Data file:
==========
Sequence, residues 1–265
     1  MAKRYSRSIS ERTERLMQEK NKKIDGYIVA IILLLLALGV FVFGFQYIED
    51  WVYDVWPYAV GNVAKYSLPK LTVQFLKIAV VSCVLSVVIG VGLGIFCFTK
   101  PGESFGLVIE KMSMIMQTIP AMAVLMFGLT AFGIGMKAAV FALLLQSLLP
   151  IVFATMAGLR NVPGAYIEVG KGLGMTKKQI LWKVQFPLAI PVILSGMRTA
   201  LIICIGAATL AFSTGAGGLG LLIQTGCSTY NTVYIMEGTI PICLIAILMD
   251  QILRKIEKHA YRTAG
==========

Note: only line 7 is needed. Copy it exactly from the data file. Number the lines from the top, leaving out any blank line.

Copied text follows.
   251  QILRKIEKHA YRTAG